Selfiecity is a newly launched project, co-ordinated by Lev Manovich and creatively directed by Moritz Stefaner alongside an ultra-talented team, investigating the style of 3200 'selfies' (photgraphed self-portraits) across five cities across the world. The project was previewed at Visualized conference but has now been let loose in the wild.
The project takes on the investigation of this contemporary phenomena by exploring a variety of attributes of the subjects, the poses and the expressions.
Up first, you can explore and view the images themselves via the ImagePlots panel, filtering by city and picking different cropping/positioning techniques. Alongside this we some demographic findings from the analysis of each and every photograph.
To gather data about the characteristics of age and gender for each person in each photograph (in supplement to 'rudimentary automatic face analysis with human judgment') the photos were inspected by Mechanical Turk workers. You can read more about the thorough data gathering and preparation process, including the process of refining an initial 120,000 photos down to the final 3,200 used in the study.
Next up, we have the Selfiexploratory, a separate interface where you can perform custom dives into the photos based on your own filters and parameters. For those of a certain age it feels like a digital take on classic 'Guess Who' board game...
Finally, we have the summary findings, providing insights such as the proportion of selfies out of the original Instagram image bank, the gender analysis by city, perceived smiliness (cheer up Moscow!) and the index of head-tiltiness (careful with those necks, Sao Paolo).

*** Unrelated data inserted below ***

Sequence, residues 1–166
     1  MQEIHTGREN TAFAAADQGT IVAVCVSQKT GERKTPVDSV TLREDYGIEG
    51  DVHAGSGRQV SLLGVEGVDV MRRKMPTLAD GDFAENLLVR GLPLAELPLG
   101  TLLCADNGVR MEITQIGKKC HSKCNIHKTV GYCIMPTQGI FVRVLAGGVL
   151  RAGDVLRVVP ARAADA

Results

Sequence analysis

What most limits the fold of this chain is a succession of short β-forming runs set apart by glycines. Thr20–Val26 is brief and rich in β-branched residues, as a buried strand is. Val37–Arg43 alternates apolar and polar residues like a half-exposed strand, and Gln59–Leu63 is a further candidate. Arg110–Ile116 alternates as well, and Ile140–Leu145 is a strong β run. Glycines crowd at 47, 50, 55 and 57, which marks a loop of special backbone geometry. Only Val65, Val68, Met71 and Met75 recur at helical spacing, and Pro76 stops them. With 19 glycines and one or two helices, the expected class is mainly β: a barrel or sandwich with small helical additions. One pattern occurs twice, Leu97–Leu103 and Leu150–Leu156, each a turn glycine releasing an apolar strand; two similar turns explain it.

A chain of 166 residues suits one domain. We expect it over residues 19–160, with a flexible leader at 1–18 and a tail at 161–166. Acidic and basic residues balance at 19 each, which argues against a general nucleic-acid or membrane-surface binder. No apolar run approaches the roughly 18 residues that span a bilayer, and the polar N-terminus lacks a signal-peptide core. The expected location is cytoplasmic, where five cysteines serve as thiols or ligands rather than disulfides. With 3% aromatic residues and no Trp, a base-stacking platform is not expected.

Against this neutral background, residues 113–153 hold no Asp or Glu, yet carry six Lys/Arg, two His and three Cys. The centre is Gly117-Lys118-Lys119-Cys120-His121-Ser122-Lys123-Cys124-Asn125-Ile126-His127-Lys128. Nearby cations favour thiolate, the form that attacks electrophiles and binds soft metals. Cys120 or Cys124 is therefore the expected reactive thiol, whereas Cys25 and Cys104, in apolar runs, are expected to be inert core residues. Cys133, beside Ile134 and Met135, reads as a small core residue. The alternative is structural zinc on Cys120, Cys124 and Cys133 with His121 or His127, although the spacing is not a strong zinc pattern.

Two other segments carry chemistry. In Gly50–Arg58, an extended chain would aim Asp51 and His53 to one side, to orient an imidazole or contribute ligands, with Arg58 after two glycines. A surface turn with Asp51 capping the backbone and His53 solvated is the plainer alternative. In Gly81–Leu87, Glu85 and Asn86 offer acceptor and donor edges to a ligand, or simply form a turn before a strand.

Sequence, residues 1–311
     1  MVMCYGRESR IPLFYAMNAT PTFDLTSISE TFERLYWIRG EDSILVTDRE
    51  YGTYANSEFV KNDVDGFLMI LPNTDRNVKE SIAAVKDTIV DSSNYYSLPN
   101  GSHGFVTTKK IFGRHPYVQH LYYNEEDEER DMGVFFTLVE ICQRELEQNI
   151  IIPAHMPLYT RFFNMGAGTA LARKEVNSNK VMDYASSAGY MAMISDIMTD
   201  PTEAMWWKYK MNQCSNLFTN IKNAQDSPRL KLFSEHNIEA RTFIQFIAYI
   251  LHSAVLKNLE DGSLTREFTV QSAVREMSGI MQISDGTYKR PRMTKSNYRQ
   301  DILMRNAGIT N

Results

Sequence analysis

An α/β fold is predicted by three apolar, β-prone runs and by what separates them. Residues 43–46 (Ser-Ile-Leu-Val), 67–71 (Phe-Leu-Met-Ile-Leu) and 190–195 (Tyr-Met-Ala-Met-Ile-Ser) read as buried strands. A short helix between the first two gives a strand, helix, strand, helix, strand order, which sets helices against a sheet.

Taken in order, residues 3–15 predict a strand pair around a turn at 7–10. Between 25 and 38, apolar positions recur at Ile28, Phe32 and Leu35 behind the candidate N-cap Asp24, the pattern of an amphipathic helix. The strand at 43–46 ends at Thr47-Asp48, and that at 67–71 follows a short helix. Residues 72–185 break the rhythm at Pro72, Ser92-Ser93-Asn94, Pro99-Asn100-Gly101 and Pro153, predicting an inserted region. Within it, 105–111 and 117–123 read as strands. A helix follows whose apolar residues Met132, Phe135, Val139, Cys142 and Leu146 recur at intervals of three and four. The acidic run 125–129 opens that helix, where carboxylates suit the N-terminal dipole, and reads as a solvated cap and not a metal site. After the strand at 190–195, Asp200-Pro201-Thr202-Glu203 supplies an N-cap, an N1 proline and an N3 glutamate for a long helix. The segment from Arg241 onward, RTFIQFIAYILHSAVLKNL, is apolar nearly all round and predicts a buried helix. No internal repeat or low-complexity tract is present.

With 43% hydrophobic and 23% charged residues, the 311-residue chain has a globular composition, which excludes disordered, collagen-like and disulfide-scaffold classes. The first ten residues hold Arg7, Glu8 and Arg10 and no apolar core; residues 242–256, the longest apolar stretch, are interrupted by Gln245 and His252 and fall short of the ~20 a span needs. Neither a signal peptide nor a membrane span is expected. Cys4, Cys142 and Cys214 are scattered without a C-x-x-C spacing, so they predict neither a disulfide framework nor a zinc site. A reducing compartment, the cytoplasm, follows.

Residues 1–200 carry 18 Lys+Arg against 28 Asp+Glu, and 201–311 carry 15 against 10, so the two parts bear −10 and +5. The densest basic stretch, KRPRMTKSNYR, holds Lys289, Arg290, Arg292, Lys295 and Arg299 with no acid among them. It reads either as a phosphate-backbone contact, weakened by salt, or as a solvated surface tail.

There are many things to praise in this project, which takes what would appear on the surface to be a relatively thin and superficial subject matter and successfully rummages and dissects its potential insights to the maximum.
I love the little green call-outs. The simple act of placing a revealable insight at different points throughout the site is a super device. The project is driven by curiosity ("Is it just me, or do Sao Paulo women actually tilt their heads more? Do New Yorkers or Berliners look older?"), not just opportunity ("We've got all these images, what shall we do with them"). It is also not just an explore-and-find project: it also incorporates explain-and-show. The creators have taken the responsibility to unearth and share their findings taking the experiment even to the realm of theory and reflection.